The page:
The Dear Leader also created a private dance troupe whose performances were racy, at least by North Korean standards. This appalled some of his father’s old comrades, including Hwang Jang Yop, the party ideologist who later defected to South Korea in 1997. In his memoirs, Hwang describes his “disgust” with the dances. But, he admits, he applauded with gusto to avoid angering the Dear Leader.
“Are you clapping because you really enjoyed the performance?” Hwang recalls a companion asking him.
“It doesn’t matter,” he replied. “Just clap like mad. It’s an order.”
And . . . Action
The Dear Leader loves movies.
He has collected more than 10,000 videos. He told an American diplomat that he possesses every Oscar-winning movie. He loves “The Godfather,” James Bond flicks, the “Friday the 13th” series, Daffy Duck cartoons, anything with Elizabeth Taylor.
He poured money into the state film company, made 341 officially recorded visits to its studio, commissioned a 100-part serial on North Korean history and wrote a book called “On the Theory of Cinema Arts.”
He frequently demands — and of course receives — screen credits.
“Kim Jong Il can claim credit — I wrote it, I directed it — but it is lies, of course,” says Kongdan Oh.
The Dear Leader is a keen appreciator of cinematic talent and he’s willing to do whatever it takes to get stars — even kidnap them.
In January 1978, while South Korean actress Choi Eun Hee was visiting Hong Kong, several men grabbed her and carried her, screaming and sobbing, to a freighter. When the ship landed in North Korea, the Dear Leader stood waiting on the dock.
“You have suffered a great deal trying to come here,” he said. “I am Kim Jong Il.”
She was driven to one of the Dear Leader’s villas and held under guard. Her husband, Shin Sang Ok, a prominent South Korean producer and director, was searching for her in Hong Kong when he, too, was abducted, knocked out with chloroform and shipped to North Korea.
For five years they were held captive — Choi in villas, Shin in a prison — with no knowledge of each other’s whereabouts. Finally, in 1983, the Dear Leader theatrically reunited them at a banquet at party headquarters. He apologized for kidnapping them, begged forgiveness and asked them to make movies for him.
When they agreed, he set them up in a luxury home, gave them matching Mercedeses and invited them to wild parties where naked dancers cavorted with drunken party bosses.
Over the next two years, they made seven movies for the Dear Leader. One of them, “One-Way Mission,” won the best director award at a Czech film festival in 1985. The Dear Leader was thrilled.
A year later, while traveling to Hungary, they escaped from their guards in Vienna and fled to the American Embassy. Stashed at a CIA safe house near Washington for two years, they wrote a memoir that became a huge bestseller in Asia, then moved back to Seoul.
In interviews, they were surprisingly kind to the Dear Leader. Sure, he drank too much, cheated on his wife and humiliated his underlings, they told reporters, but he was also smart, funny and hard-working — a man who would make a great Hollywood producer.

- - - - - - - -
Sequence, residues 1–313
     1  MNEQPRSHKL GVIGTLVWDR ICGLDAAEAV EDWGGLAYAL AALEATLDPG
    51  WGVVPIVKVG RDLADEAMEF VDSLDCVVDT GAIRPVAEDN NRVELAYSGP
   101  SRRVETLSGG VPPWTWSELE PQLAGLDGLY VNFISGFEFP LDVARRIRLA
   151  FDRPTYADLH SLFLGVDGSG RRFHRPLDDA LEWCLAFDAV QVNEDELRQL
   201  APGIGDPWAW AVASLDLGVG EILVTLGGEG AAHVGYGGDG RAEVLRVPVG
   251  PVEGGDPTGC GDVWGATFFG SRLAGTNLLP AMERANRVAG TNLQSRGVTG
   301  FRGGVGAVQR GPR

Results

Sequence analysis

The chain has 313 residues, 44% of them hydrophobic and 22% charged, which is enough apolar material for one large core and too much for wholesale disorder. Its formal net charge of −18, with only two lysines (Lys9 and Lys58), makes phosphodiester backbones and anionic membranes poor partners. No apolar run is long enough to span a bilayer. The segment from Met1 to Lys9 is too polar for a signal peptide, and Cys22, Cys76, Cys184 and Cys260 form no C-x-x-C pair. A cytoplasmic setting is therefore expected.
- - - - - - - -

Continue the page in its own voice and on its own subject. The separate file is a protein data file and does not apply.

Choi told a story that made the Dear Leader seem almost charming: One day, he came for a visit and asked, “What do you think of my physique?”
She hesitated, pondering how to answer such a question when it comes from a short, dumpy dictator known to execute his enemies.
“Small as a midget’s turd, aren’t I?” he said, smiling.
Tears of a Crowd
“Entering 1994, Kim Il Sung looked fine on the surface,” wrote Hwang Jang Yop in his post-defection memoir, “but considering the fact that he could not even control his flatulence when talking to us, I started to believe that his days were numbered.”
Hwang was right. On July 8, 1994, the Great Leader died of a heart attack at 82.
His death caused a flood of tears. Tens of thousands of Koreans flocked to statues of the Great Leader and wept uncontrollably. They cried, they keened, they wailed. Many fainted, several suffered heart attacks.
It was a genuine outpouring of grief by the people, but among the party elite, Hwang reveals, it soon became a contest to see who could cry most.
“There started an open competition of crying,” he wrote. “One might cry once or twice but there is no way to keep on crying. But since people had to continue paying respects to Kim Il Sung’s body, or offering flowers at his statue, they just pretended to cry, holding a handkerchief to their eyes.”
The orgies of weeping inspired a new myth for the cult of Kim, and it was soon featured in a propaganda film.
“When the most beloved leader Kim Il Sung passed away, thousands of cranes descended from heaven to fetch him,” the narrator intones mournfully over shots of cranes flying through gray skies. “But the birds couldn’t take him away because they saw that all North Koreans cried and screamed and pummeled their chests and pulled out their hair.”
Deeply moved, the cranes instead put Kim Il Sung to rest “in a heavenly palace built on Earth.”
That “heavenly palace” is the Great Leader’s Kumsusan Palace, which the Dear Leader renovated — for an estimated $900 million — into an elaborate tomb. There, the mummified corpse sits under glass, reigning as “President for Eternity.”